Driven by data; ridden with liberty.
As part of Labour’s response to the Chancellor’s Autumn Statement and the government’s spending review, the shadow Chancellor John McDonnell read out from the Little Red Book — a book of quotations from Chinese dictator Chairman Mao — before throwing it at his parliamentary opponent across the Dispatch Box .
As Mr McDonnell himself noted: “Mao is rarely quoted in this Chamber.” Mr Osborne responded with palpable amusement :
So the shadow Chancellor literally stood at the Dispatch Box and read out from Mao’s little red book. And look — it’s his own personal signed copy. The problem is that half the shadow Cabinet have been sent off for re-education.
Mr McDonnell defended his “flamboyance” and “joke”. It has meant the shadow Chancellor spent time condemning the deaths under Chairman Mao, rather than giving Labour’s fullest critiques of the current government.
(Video: Henry Guido)
It must take a political novice to believe that quoting and throwing the Little Red Book in the House of Commons would not instigate this consequence, when Chairman Mao is commonly estimated as responsible for around 40 million deaths .
Jeremy Corbyn’s landslide election to the Labour leadership, and his appointment of John McDonnell, is both the cause and effect of a deep schism within the parliamentary party, and the wider membership.
YouGov polled the Labour selectorate , with 82% of members who voted for Jeremy Corbyn supporting his continued leadership into the next general election. For those members who preferred another leadership candidate, this support stands at only 20%. Among the overall selectorate, 56% want Mr Corbyn to be their leader in 2020.
Furthermore, YouGov respondents were asked which statement they agreed with most:
A – It is better if a major political party puts forwards policies that allow it to win an election and put them into practice, even if it means compromising on some of their policies;
B – It is better if a major political party puts forward policies it really believes in, even if the policies are unpopular and prevent the party from winning an election.
71% of Mr Corbyn’s backers in the leadership vote would rather Labour “puts forward polciies it really believes in” and not be corrupted by power, than work through a compromised relationship with the electorate. By comparison, 56% of those members who voted for either Yvette Cooper, Andy Burnham or Liz Kendall would rather put their policies into practice, even if their overall platform is impure.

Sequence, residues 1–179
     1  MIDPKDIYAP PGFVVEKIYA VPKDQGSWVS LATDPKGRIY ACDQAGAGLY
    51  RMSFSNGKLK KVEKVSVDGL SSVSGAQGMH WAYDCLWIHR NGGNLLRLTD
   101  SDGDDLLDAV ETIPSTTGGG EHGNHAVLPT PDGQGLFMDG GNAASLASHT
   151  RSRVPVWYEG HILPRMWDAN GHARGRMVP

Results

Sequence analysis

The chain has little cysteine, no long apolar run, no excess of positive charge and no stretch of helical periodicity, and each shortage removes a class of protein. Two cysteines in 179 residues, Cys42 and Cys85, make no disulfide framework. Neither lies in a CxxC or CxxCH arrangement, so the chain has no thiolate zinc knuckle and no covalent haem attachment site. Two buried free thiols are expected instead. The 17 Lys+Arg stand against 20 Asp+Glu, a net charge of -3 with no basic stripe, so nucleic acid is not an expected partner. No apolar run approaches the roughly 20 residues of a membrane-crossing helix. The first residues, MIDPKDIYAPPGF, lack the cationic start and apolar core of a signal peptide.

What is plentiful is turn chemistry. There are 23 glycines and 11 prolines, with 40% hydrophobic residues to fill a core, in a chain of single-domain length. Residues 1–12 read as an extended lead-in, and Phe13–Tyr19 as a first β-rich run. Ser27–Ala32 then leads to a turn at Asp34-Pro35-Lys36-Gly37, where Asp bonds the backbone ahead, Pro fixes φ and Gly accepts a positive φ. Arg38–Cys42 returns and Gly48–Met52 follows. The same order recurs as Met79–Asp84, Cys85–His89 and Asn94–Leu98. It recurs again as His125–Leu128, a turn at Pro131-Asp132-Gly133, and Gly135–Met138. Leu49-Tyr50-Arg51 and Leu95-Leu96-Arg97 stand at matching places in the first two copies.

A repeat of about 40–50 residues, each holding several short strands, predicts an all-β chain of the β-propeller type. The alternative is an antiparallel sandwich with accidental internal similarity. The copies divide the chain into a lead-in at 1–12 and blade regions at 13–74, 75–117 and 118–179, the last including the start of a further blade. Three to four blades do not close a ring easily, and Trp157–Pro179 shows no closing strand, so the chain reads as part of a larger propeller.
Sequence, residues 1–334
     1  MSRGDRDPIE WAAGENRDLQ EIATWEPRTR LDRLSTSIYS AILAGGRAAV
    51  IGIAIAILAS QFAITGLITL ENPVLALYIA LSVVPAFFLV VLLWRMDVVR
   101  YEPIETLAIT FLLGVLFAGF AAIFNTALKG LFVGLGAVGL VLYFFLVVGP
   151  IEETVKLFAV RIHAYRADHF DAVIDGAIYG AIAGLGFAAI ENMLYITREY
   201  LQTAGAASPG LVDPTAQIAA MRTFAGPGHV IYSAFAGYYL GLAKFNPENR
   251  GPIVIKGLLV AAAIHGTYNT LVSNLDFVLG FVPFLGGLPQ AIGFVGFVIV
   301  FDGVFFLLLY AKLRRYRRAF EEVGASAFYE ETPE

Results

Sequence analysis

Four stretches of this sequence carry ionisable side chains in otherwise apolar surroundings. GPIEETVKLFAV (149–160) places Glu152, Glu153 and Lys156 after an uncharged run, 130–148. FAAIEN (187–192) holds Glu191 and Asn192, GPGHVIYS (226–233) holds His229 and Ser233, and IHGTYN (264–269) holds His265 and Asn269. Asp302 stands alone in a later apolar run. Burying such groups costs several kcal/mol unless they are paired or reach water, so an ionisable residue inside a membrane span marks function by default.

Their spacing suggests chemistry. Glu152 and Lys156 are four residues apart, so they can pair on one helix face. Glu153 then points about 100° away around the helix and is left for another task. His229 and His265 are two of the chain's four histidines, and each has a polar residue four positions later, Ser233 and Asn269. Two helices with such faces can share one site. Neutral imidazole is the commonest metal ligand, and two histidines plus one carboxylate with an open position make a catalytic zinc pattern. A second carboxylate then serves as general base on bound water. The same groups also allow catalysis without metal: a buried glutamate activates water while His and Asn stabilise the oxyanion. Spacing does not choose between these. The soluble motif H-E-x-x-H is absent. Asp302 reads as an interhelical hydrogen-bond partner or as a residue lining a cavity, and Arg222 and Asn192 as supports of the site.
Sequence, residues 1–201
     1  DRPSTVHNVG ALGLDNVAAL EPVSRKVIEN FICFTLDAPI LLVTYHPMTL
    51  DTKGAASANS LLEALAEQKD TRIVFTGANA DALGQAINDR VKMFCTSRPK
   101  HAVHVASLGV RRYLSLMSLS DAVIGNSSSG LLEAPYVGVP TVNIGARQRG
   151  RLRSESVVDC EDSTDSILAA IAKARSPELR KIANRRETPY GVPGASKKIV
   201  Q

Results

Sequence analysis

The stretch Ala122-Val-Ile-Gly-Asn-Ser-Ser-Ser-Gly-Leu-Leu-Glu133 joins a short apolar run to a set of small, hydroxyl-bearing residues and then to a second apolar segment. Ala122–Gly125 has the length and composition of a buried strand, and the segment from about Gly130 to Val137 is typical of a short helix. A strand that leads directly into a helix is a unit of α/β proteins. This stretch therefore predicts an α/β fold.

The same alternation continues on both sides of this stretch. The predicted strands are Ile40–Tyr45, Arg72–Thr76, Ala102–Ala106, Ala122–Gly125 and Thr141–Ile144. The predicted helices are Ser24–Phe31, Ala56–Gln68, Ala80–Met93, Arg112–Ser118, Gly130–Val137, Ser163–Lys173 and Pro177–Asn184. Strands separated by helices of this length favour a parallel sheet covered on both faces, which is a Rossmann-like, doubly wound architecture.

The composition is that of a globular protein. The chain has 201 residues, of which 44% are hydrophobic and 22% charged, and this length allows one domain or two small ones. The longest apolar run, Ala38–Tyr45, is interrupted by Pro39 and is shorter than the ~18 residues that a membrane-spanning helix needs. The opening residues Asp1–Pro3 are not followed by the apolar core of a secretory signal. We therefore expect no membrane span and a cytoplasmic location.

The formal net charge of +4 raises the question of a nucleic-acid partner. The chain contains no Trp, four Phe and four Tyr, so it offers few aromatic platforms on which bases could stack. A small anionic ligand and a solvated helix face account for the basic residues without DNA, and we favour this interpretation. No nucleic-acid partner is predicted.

Given the scale of Mr Corbyn’s victory, that means a majority of the Labour selectorate, including full members, would rather pursue unblemished idealism over the difficult compromises inherent in parliamentary politics. Mr Corbyn’s acolytes use social media to berate their centrist colleagues as ‘Red Tories’, along with swearing and aggression, trying to force them in line or out of the party itself, heralding Labour’s own cultural revolution.
It is a common claim that Jeremy Corbyn, and by extension John McDonnell, somehow represents Labour’s ‘core values’, with Labour ‘returning to its roots’. The historian Professor Glen O’Hara of Oxford Brookes University argues in the New Statesman  that this proposition is “almost entirely inaccurate”:
Such claims cannot just float freely in the air: they should and can be tested, by reference to the historical record. And what that shows — once you clear away the accreted myths and stories that surround Labour’s foundation and early years — is that Labour has never before been led by a politician so far from its historic centre of gravity, so distant from the electorate, or so fundamentally divorced from the party’s intellectual mainstream.
Since its inception, opponents of Labour have aimed the accusation of revolutionary aims and communist support at the party. Labour’s great beneficence to this country is its moderation and commitment to parliamentary democracy, eschewing personality cults and bloody revolutions for committed, thoughtful and persistent reforms.
Despite the intellectual aberration from Labour’s traditions, Jeremy Corbyn and John McDonnell do represent a stable majority within the Labour party membership. The Labour party is a electoral force, rather than a campaigning group or petition writers. Its fundamental purpose is to win elections. The question arises as to when Labour will next have a majority of members who would rather win an election than make a compromise with the electorate.
 BBC Magazine, 2015. Who, What, Why: What is the Little Red Book? Available from: http://www.bbc.co.uk/news/magazine-34932800 [Accessed: 28th November 2015]
 Parliament UK, 2015. House of Commons Hansard Debates for 25 Nov 2015 (pt 0001). Available from: http://www.publications.parliament.uk/pa/cm201516/cmhansrd/cm151125/debtext/151125-0001.htm#15112551000887 [Accessed: 28th November 2015]
 Necrometrics, 1999. Twentieth Century Atlas – Death Tolls. Available from: http://necrometrics.com/20c5m.htm#Mao [Accessed: 28th November 2015]
 YouGov, 2015. YouGov / The Times Survey Results 19th – 23rd November 2015. Available from: http://d25d2506sfb94s.cloudfront.net/cumulus_uploads/document/h15sm4vwaa/TimesResults_151123_LabourMembers.pdf [Accessed: 28th November 2015]
 O’Hara, G., 2015. Forget the books. Jeremy Corbyn is without historical precedent. New Statesman. Available from: http://www.newstatesman.com/politics/staggers/2015/11/forget-books-jeremy-corbyn-without-historical-precedent [Accessed: 28th November 2015]